[ntp:questions] Isolated Network Drift Problem
unruh-spam at physics.ubc.ca
Wed Nov 26 23:45:39 UTC 2008
"Richard B. Gilbert" <rgilbert88 at comcast.net> writes:
>> David Woolley <david at ex.djwhome.demon.co.uk.invalid> writes:
>>> Unruh wrote:
>>>> With your 100m setup you really want a buffer amp on the line. At 100m, the
>>>> one way trip is .3ms, with reflections every .6ms which might make the
>>>> system a bit weird. To get rid of the reflections you need a 100ohm
>>>> termination if you use cat5e cable to lengthen the 5m wire on the receiver.
>>> Round trip time for 100m of velocity factor 2/3 cable is approximately:
>>> 3 * 2 * 100 / (2 * 3E8)
>>> = 3E2/3E8
>>> = 1 microsecond.
>> I was taking the speed to be c. And it is only a one way trip-- from the
>> GPS to the computer, not round trip. So I will buy your .5us (having no
>> idea what the velocity factor is of cat 5e cable) but not your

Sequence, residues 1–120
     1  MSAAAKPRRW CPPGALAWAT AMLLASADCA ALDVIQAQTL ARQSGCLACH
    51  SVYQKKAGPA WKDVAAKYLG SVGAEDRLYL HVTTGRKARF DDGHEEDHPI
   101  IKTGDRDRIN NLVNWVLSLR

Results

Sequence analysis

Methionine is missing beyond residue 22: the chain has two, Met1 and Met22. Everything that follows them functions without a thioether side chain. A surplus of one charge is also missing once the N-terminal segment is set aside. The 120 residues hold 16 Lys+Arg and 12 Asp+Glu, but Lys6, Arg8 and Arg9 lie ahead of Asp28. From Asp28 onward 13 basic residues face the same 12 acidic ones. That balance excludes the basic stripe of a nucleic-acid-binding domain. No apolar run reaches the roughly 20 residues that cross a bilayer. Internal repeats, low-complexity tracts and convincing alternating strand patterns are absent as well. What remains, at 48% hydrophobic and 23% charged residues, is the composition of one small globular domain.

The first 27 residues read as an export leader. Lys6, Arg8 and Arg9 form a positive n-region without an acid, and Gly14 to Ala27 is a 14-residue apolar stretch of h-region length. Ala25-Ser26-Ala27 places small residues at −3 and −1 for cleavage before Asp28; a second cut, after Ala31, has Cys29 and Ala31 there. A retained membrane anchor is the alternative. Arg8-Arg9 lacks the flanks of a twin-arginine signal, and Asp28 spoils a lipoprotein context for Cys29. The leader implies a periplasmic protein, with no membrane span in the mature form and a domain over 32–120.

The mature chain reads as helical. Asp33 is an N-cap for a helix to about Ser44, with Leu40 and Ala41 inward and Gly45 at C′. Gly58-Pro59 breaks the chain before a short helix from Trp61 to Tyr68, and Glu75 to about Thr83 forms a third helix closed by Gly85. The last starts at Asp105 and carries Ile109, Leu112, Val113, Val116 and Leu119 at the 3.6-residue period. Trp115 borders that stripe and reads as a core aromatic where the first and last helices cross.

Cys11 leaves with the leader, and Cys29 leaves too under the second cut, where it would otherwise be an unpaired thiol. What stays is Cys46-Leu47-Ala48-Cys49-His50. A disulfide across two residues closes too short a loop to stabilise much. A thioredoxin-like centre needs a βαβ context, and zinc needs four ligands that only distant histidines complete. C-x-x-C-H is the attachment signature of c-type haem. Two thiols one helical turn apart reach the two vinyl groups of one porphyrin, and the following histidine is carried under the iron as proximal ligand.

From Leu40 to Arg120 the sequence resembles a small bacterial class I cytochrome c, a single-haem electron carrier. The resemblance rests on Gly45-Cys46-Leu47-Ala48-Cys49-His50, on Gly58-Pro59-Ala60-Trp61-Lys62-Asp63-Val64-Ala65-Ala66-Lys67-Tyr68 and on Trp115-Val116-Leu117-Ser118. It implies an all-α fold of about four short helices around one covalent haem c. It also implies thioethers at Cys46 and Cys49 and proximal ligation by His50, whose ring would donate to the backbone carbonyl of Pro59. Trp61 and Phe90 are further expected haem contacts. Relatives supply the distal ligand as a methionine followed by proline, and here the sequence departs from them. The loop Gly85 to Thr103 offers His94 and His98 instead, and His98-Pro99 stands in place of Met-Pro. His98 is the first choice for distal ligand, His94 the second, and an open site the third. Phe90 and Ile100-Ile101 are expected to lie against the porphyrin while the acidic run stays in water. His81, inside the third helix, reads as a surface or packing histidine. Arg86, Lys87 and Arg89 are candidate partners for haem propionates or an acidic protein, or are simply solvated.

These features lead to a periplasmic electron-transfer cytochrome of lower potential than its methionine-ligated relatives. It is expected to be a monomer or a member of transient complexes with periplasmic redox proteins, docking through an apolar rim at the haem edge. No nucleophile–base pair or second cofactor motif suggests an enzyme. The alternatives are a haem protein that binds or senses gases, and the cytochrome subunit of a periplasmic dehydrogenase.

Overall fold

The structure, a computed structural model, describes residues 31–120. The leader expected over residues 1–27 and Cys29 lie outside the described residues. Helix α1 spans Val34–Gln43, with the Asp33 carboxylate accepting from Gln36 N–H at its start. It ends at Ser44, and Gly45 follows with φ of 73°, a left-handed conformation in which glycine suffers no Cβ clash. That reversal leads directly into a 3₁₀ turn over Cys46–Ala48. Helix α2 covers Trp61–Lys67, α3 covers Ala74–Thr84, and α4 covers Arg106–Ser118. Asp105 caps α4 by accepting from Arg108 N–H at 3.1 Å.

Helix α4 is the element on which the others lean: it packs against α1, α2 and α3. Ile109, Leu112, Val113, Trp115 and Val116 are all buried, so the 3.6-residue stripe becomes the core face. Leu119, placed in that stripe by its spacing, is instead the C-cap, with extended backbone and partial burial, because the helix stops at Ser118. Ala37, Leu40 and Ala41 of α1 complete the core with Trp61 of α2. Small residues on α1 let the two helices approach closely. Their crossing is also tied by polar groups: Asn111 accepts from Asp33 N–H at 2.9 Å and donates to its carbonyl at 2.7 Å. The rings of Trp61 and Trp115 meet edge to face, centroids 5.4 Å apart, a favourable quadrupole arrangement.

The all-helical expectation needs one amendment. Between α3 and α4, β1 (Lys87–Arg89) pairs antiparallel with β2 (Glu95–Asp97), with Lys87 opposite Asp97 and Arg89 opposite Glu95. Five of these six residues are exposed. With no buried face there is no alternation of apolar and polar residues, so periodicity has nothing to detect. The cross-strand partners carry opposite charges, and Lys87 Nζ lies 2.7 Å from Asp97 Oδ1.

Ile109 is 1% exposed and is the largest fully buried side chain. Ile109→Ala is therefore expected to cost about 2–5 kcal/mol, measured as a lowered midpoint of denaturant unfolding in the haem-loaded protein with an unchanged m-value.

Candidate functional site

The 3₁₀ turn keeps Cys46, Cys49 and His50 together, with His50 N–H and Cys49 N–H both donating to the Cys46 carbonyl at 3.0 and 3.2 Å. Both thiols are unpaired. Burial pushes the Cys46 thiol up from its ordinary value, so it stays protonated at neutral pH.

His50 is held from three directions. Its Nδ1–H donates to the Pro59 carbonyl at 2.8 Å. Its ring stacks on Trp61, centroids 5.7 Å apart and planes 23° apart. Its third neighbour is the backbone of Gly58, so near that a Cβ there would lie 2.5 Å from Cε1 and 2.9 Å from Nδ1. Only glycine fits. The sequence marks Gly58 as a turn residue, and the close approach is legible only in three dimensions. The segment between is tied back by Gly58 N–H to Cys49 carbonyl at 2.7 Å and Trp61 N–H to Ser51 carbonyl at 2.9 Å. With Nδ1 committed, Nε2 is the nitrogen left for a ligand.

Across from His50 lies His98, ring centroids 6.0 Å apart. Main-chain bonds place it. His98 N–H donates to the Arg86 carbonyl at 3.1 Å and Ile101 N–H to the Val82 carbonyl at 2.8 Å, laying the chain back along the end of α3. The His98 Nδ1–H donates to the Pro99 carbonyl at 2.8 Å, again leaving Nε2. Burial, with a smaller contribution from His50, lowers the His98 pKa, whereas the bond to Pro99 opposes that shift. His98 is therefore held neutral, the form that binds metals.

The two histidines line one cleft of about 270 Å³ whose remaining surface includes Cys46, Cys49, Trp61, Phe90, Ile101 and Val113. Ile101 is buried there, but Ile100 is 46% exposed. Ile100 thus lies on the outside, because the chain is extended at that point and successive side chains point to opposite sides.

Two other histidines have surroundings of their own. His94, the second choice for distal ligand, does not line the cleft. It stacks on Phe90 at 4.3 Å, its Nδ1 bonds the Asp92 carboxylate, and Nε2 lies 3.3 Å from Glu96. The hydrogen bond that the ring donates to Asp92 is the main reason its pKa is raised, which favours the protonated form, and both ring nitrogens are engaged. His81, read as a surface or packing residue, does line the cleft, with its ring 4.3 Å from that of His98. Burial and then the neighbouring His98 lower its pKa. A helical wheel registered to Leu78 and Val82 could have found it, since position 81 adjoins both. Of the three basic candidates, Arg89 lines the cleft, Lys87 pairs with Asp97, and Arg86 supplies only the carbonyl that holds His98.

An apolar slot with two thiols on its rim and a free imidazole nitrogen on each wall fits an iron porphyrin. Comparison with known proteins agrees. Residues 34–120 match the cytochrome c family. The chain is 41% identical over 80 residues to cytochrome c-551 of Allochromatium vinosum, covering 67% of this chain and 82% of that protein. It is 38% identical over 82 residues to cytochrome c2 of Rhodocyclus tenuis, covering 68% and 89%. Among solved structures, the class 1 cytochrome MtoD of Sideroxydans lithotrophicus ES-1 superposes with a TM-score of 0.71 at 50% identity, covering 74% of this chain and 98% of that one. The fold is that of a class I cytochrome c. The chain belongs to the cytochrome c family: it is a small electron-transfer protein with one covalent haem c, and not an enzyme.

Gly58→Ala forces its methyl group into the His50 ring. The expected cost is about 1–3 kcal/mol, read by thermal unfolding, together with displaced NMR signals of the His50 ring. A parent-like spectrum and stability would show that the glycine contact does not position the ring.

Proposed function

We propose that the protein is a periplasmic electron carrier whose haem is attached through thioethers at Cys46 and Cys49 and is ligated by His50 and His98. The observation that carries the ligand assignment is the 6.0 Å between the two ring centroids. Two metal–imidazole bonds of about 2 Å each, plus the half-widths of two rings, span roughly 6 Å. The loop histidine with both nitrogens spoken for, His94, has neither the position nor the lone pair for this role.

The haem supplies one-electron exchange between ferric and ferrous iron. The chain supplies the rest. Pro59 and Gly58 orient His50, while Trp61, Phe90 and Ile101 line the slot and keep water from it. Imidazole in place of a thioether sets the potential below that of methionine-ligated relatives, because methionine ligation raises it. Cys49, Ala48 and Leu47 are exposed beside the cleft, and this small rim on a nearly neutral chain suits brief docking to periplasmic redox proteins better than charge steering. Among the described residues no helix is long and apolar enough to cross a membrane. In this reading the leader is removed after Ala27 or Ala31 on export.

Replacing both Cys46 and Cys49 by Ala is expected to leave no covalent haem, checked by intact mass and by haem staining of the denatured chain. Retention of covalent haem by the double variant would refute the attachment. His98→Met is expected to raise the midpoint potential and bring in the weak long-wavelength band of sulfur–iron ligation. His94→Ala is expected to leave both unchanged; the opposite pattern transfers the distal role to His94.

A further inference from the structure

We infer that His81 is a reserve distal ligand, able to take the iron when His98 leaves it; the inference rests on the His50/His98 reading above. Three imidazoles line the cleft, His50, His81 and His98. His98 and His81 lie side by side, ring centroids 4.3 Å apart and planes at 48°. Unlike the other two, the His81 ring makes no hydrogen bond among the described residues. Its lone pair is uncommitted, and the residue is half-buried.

>> round trip ( which is twice that but is irellevant on a properly terminated
>"c" is not correct. "c" is the speed of light in vacuum! Electricity
>in copper is somewhat slower. 1 nanosecond per foot is a useful rule of
>thumb! It's an approximation but a useful one. If you need something
1foot/nanosecond is to within about 2% the speed of light in vacuum.
The speed of light in "copper" is the same, depending on how the copper is
arranged. However, the dielectric in most waveguides/lines has a reasonably
high index of refraction at low microwave, and the twisting of the pairs
Cat5e is also important. Looking on the web it seems that a velocity factor
of about .75 for cat5e cable is typical, and impedance of 100ohms.
>more exact, you might consult the manufacturer. Cat 5 cable consists of
>four twisted pairs with two turns to the inch. The physical and
>electrical lengths of the cable are slightly different!
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